Glenn was called out for his nonsense of working for a man who got in bed with the US government to create a crisis in the Ukraine.

I stand by that call.

Prior to that, he got a pass for his strong scoop (Ed Snowden) and I certainly defended him and his partner here through many unfair attacks on them.

But Glenn creates his own problems.

The reason this is such a story is because Glenn has denied (and lied) about how much influence his boss has on his outlet.

In one of the pieces above (the one at Elaine's site), I noted Glenn's problem: He can't enjoy himself.

I said he needed to stop slamming critics and stop feeling the need to respond to everything.

Doing that makes it about you and not the work.

Glenn's a celebrity.

It's a shame few see him as a reporter now.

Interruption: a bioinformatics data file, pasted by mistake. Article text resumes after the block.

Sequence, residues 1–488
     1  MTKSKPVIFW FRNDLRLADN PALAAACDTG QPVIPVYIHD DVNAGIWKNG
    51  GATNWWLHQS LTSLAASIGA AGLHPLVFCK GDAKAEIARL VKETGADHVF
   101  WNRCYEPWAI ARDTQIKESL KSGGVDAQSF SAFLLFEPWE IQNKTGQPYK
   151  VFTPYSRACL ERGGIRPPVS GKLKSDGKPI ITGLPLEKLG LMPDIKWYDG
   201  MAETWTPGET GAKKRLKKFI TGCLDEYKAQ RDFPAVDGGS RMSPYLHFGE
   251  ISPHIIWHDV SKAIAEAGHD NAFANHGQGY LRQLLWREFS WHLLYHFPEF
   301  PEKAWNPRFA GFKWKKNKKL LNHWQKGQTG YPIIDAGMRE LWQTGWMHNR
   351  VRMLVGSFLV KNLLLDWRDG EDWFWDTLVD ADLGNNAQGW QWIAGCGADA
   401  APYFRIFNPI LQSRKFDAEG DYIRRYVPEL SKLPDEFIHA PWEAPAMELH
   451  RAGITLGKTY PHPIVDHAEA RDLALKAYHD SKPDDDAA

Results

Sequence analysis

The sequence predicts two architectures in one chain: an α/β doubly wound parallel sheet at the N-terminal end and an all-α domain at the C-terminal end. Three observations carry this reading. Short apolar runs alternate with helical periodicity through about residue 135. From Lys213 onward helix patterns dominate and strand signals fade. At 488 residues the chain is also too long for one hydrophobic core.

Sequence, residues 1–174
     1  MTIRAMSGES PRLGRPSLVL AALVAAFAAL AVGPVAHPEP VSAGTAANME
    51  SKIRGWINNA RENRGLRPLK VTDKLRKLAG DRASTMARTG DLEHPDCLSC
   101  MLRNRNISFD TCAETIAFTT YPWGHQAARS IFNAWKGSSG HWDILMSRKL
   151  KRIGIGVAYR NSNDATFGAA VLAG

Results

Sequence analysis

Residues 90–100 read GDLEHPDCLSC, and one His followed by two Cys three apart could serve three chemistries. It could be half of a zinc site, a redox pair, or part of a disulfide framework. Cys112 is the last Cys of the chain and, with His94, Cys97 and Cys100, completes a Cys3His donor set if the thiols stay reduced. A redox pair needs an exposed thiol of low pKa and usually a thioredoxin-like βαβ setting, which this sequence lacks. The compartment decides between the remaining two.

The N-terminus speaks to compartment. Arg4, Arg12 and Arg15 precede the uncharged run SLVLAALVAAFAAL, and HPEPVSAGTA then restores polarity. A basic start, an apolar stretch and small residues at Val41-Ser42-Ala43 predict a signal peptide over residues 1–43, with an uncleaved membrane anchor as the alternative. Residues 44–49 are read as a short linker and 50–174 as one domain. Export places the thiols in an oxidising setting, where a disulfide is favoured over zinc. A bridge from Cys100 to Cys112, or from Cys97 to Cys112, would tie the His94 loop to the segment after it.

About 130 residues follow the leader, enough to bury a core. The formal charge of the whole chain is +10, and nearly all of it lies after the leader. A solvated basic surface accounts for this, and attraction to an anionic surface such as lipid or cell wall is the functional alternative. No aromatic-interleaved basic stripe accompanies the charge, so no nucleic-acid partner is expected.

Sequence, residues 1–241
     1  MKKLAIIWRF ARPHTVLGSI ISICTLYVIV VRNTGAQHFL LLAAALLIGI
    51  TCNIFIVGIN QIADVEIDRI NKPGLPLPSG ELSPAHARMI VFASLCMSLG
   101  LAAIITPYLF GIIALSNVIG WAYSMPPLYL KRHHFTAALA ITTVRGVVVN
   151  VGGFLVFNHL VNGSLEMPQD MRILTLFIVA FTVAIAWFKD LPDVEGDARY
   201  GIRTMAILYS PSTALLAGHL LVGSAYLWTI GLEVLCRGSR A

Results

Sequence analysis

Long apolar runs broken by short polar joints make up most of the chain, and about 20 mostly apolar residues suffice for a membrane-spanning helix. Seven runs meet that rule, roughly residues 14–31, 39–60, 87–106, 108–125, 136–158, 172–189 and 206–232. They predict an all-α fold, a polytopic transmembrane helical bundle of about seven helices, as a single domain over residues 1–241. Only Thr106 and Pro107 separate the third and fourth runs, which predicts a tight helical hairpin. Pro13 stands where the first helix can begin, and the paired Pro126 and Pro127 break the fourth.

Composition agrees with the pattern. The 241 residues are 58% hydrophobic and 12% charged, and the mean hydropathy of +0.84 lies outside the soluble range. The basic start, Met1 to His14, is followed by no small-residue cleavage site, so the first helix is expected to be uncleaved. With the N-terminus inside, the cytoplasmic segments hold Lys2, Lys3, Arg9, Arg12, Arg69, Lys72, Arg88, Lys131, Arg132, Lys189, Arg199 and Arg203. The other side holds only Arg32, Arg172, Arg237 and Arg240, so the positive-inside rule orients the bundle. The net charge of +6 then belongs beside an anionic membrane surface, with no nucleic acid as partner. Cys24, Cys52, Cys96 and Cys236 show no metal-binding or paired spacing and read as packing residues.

But that's what happens when you're forever responding to whatever a critic says about you.

I have never, ever commented on a review about my professional work.  I've never even read them.  I felt if I read the early stuff (which was praise -- I'm referring to offline, not my 'C.I.' work), I'd have to read it when it wasn't praise.

I know when I suck.  I don't need a review to tell me.  I know when I've done okay.  I don't need a review to tell me.

I never fired off a letter to the editor in response to a piece on me.

Liz Phair did.  And that was stupid.

She was slammed by the New York Times.

Liz wanted to speak back.

She shouldn't have.

Once she did, it became, "Is Liz right?"

Stevie Nicks is immensely talented and a true legend.

But part of the reason her fans love her so is that Stevie was trashed by critics for years.

You'll find little praise in the 70s ("space cadet" was among the more popular terms appearing in music 'critiques').